Can cannabis treat Alzheimer’s disease or is this mere hype?
Several states have approved Alzheimer’s as a qualifying condition for medical marijuana treatment. This suggest the potential benefit of the herb in treating this chronic condition that does not have a known cure. Over the last couple of years, cannabinoid- based therapy has been a subject of interest among scientists. Alzheimer’s is now a priority and a couple of preliminary studies have been conducted to assess potential benefits of cannabis in this area. This article is a summary of what science has revealed so far in this area.
What is Alzheimer’s Disease?
This is the most common form of old age dementia that affects about 50 million people around the world. It is an incapacitating disease that is earmarked by progressive deterioration of cognitive and mental abilities. It starts off with mild incidences of lapses in memory and judgement. Over the course of a couple of months the patient loses the ability to communicate, appears confused and disoriented in time and space, and displays behavioral changes. In about 10 years, the patient may have experienced severe physical deterioration that limits their ability to lead a functional life. This may lead to inevitable death in the long run. Over the course of the disease the family members of the patient may experience untold emotional agony as they watch their loved one deteriorate irreversibly.
Traditional treatment for Alzheimer’s targets improvement in cognitive and functional functions. However, it fails to address the neurodegenerative process that is on the decline. This creates the need for a treatment option that can tackle the root cause of the problem.
Scientists have taken a deep interest in this area with over 400 open clinical trials evaluating different experimental treatments for Alzheimer’s disease. Most of these trials are focused on addressing the underlying inflammatory process and oxidative stress that contribute to the development of the disease. Unfortunately, to date, none of these studies have produced satisfactory results for the treatment of the chronic condition.
A key challenge in finding a cure for Alzheimer’s disease is capturing the disease at an early stage. Most of the studies mentioned above may have failed due to the fact that in most cases they have been tested on patients with advanced disease. Early diagnosis could increase chances of success in these trials.
A different approach advocates for new multiple target therapies against Alzheimer. This implies therapies that target the underlying cause of the disease and slow down the progression as well. To this end the therapeutic potential of cannabinoids in this area has been gaining increasing interest among researchers.
The Role of the Endocannabinoid System in Alzheimer’s Disease
The endocannabinoid system comprises of receptors on which cannabinoids, endogenous ligands and metabolic enzymes act. Research has shown that cannabinoid receptors in the microglia cells are responsible for modulating inflammatory processes in the brain. The same mechanism is activated in Alzheimer’s disease.
Research has suggested that the CB2receptor and the metabolic enzyme FAAH may be potential pharmacological targets in Alzheimer’s.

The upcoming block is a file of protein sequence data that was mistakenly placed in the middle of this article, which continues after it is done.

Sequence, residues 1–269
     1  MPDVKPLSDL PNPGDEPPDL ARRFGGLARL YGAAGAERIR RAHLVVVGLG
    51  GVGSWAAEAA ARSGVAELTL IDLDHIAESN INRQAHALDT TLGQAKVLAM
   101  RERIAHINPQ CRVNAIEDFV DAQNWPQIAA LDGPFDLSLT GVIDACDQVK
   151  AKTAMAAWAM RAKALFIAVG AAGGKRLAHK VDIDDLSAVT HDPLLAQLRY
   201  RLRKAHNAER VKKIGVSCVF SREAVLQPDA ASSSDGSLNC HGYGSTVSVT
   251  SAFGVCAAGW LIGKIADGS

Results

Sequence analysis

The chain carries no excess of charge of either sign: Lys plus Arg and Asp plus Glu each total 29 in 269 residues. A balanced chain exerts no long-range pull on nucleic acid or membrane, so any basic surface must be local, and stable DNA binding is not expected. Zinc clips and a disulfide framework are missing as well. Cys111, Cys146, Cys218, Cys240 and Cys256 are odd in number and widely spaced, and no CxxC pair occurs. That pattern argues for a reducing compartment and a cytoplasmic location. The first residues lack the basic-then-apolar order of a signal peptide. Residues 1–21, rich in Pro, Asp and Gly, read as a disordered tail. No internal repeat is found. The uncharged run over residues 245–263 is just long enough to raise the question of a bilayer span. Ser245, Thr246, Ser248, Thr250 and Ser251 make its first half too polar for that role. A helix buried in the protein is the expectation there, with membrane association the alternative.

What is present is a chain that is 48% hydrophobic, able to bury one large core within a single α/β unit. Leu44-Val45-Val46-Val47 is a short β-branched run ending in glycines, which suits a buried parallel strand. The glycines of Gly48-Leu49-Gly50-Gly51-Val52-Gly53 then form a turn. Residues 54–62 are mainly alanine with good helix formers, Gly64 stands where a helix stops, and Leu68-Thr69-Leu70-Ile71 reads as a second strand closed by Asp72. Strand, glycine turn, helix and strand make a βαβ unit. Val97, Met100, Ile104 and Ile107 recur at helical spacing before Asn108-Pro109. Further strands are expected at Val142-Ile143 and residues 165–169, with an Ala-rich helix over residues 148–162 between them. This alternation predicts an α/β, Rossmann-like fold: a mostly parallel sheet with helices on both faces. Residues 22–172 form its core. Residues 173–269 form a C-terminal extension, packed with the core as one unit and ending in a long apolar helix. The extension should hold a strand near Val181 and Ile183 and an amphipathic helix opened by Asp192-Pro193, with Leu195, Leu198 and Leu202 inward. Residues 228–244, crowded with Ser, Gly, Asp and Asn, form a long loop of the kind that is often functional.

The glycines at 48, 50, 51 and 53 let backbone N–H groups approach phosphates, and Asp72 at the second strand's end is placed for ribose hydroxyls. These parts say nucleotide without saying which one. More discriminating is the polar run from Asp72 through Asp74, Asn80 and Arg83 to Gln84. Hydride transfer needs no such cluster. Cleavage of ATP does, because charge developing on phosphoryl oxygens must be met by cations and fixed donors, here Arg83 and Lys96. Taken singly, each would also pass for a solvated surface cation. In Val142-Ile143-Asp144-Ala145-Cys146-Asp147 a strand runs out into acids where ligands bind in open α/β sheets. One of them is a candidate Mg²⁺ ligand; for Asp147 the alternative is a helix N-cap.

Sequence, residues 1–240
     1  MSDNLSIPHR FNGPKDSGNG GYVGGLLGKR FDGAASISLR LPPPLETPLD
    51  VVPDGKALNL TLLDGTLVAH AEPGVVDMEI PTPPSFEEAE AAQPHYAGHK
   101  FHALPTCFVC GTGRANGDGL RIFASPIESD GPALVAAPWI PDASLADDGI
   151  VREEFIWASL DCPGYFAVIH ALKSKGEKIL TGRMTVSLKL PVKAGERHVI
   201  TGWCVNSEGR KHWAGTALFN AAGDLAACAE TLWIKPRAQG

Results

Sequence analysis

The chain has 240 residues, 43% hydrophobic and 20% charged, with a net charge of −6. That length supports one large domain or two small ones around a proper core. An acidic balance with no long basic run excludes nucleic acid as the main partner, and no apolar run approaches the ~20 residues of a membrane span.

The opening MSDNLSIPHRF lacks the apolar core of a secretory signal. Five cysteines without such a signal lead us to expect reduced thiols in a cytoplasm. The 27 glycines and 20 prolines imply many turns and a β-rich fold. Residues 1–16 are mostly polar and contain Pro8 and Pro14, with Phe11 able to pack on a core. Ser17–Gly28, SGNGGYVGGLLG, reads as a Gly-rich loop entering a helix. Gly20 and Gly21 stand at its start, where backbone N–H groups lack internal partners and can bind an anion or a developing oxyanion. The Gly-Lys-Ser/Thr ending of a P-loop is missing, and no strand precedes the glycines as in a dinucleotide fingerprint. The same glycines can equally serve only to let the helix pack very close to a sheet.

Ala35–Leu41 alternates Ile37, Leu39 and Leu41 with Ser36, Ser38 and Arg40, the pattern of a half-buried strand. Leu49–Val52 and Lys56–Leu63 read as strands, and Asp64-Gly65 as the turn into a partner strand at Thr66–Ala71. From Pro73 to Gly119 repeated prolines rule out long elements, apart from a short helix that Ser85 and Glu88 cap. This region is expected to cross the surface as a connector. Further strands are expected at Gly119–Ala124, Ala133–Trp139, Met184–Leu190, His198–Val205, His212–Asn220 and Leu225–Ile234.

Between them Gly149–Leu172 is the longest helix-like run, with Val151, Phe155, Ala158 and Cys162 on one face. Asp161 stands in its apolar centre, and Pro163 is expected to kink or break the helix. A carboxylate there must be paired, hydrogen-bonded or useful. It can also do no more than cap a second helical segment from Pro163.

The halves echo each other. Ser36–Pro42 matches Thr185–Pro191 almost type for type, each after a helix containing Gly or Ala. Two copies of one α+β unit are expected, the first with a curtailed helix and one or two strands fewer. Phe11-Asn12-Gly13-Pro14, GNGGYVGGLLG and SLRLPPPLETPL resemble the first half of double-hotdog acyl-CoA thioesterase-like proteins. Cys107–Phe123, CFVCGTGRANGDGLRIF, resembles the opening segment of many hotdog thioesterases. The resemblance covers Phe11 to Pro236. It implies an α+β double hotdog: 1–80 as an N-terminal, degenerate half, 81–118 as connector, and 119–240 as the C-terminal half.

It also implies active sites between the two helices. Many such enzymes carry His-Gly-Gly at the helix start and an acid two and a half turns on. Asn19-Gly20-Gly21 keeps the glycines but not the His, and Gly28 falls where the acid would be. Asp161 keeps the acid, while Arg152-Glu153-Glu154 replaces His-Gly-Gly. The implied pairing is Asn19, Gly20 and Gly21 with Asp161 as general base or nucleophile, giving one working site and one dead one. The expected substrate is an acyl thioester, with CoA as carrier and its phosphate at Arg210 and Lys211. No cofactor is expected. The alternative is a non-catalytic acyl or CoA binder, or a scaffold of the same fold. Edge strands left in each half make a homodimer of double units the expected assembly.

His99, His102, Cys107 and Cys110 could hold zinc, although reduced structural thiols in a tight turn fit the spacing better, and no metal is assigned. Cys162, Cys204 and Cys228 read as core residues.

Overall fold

Additional studies have shown increased activity of the CB1 receptor in the early stages of the disease. However, this switches in later stages of the disease where the CB1 receptor is less active.
Scientists are also taking a keen interest in the CB1 receptor (predominantly found in the brain) in the progression and treatment of Alzheimer’s. Some models have shown that this receptor is involved in the progression of the disease.
Other Research Into Cannabis as Treatment
Preliminary evidence suggest the usefulness of cannabinoids in mitigating some of the behavioral alterations associated with Alzheimer’s. In one study, four patients with advanced Alzheimer’s were treated with a Delta-9-tetrahydrocannabinol analogue (THC). All the four exhibited a reduction in agitation and aggressiveness. They also showed a marked improvement in weight, having being able to eat more. Reported adverse effects included drowsiness, euphoria, and fatigue.
The neuroprotective benefits of cannabis have also been investigated in Alzheimer’s disease. This may be able to mitigate the harmful effects of the disease that occur due to chronic inflammation and oxidative stress. CBD, through several mechanisms, has shown anti-inflammatory properties in models of Alzheimer’s. This may be due to a reduction in oxidative stress following the administration of CBD.
Lastly, cannabinoids may play a role in improving vascular dysfunction characteristic of Alzheimer’s. This promotes the absorption of glucose and the supply of nutrients required for proper brain functioning.
What is the Way Forward?
Clinical research in this area is needed to confirm preliminary evidence from animal models. It is apparent that cannabinoids have a therapeutic advantage over traditional treatments because they can modulate parallel alterations that occur in the course of the disease.
A suitable approach would target combinations of cannabinoids that act on CB1and CB2receptors, such as THC. Cannabinoids with complementary activity, such as CBD would be of complementary benefit as well. To achieve this, controlled clinical trials need to be conducted to assess the efficacy and safety of cannabinoids in a sufficient number of patients. Patients with early stage of the disease will be an ideal target for such studies. This will help to answer the question; can cannabis cure Alzheimer’s disease.